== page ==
Borman knows her eventual fate in the stricken economy that surrounds Freeport. “I am going to be competing for minimum wage jobs with my own daughter,” she said.

There have been reports that the plant took down the American flag and flew a Chinese flag while training the replacements.  This is not true.  They only took down the American flag.  From Bainport.com:

There seems to be some confusion about whether or not our Sensata plant took down our American flag and replaced it with the Chinese flag. Here is the truth. Sensata took down our American flag on the day they flew in our Chinese replacements that we were forced to train. They put our American flag back up after the Chinese workers left. They never flew the Chinese flag.

And Romney will rake in the cash from the closing.  From ThinkProgress:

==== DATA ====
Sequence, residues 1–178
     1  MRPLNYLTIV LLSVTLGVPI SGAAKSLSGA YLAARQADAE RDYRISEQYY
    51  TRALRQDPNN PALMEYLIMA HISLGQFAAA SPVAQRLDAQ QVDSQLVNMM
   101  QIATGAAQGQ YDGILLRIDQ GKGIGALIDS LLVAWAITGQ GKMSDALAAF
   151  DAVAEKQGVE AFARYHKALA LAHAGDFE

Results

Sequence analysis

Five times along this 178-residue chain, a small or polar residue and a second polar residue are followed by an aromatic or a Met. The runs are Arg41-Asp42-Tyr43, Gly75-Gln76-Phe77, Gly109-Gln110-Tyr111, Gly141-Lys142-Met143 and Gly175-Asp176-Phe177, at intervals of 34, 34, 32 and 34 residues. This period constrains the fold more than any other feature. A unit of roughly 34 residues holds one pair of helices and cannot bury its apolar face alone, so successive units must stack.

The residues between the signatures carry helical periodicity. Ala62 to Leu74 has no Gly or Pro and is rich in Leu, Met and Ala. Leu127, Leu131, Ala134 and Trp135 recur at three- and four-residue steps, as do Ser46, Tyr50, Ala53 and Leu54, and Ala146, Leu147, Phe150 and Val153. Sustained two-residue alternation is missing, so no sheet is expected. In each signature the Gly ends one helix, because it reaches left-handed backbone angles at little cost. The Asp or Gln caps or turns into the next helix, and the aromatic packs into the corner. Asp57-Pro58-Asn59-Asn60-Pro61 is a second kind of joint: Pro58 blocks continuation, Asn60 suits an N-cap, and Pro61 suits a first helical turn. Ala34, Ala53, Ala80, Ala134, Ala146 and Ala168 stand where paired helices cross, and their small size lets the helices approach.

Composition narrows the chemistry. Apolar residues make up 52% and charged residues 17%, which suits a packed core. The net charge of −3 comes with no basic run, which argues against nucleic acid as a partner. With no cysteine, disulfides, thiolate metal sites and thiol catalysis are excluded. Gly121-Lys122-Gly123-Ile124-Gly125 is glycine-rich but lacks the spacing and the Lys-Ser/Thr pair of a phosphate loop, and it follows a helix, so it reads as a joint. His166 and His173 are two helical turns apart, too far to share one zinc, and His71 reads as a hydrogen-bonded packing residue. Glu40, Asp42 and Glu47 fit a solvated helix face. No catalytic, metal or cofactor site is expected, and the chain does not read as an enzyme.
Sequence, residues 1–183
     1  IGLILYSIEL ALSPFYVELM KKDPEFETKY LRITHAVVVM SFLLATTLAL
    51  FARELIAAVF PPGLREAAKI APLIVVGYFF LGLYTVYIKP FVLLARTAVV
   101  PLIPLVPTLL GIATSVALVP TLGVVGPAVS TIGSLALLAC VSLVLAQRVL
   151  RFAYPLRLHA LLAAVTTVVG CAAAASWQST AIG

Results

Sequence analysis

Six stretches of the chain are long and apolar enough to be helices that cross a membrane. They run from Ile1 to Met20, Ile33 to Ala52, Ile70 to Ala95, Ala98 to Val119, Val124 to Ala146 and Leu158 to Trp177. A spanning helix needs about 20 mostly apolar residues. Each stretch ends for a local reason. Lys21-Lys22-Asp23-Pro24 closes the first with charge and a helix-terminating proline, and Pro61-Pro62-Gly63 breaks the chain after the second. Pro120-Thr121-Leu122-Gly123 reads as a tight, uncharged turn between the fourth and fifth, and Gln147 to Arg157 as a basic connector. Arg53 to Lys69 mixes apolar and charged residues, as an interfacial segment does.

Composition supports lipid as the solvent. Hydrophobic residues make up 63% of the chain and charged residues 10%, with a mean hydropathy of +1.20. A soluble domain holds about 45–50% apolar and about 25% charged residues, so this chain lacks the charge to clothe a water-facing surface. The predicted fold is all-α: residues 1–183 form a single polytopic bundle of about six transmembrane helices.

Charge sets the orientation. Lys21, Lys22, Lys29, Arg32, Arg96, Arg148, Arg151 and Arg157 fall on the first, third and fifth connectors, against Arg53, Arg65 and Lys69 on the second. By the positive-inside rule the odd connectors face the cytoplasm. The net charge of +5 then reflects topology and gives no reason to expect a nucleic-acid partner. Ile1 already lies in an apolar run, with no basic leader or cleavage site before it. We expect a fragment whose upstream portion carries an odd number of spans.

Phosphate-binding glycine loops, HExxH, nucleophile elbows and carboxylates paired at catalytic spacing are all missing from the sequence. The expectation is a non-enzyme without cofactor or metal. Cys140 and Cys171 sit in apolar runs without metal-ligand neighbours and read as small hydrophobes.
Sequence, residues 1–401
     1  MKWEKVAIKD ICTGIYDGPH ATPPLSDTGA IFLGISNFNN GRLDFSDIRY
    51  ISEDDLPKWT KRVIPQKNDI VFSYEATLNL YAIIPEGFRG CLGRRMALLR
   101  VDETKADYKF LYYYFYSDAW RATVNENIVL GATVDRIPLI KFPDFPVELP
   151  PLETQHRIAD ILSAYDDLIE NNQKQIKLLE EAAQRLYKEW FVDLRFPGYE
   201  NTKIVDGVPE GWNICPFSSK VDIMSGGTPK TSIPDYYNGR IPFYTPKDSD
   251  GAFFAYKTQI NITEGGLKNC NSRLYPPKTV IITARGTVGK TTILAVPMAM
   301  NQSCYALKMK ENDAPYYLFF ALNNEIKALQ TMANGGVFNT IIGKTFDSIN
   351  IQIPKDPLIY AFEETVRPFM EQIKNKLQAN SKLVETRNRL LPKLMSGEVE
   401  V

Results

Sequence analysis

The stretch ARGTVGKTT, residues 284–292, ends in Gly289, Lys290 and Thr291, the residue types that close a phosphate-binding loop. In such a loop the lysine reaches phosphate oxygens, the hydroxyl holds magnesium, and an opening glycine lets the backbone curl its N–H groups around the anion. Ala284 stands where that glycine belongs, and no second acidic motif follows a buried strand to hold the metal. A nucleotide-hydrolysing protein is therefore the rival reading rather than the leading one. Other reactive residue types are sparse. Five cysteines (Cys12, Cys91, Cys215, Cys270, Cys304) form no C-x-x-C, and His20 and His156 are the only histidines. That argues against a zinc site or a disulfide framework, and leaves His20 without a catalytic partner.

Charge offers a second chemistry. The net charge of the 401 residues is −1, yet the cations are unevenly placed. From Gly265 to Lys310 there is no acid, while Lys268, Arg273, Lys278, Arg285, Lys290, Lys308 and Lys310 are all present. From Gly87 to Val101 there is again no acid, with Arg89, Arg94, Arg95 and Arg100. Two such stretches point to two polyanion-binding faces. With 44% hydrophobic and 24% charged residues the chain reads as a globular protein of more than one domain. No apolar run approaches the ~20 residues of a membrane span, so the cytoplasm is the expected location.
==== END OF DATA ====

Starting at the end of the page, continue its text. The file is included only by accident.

Romney held a direct investment in Sensata through one fund titled “Bain Capital Fund IX, L.P.,” dated December 31, 2009, meaning he has likely financially benefited from Bain’s ownership of the company in the past, and could benefit from the plant’s closure and the outsourcing of the jobs to China. According to his 2011 personal financial disclosure, Romney still holds the Bain Capital fund that contains the Sensata investment.

Romney has a history of outsourcing jobs as the chief executive of Bain Capital. The Washington Post reported in June that under Romney’s leadership Bain “invested in a series of firms that specialized in relocating jobs done by American workers to new facilities in low-wage countries like China and India.” Other companies in which the firm invested sent jobs to Mexico and other low-wage countries around the world.

While that history might be politically toxic, Romney’s proposals wouldn’t stop the outsourcing of American jobs. In fact, his plan to reform the corporate tax code by instituting a territorial tax system would make it easier for American companies to outsource jobs, while at the same time encouraging them to store even more money in offshore tax havens.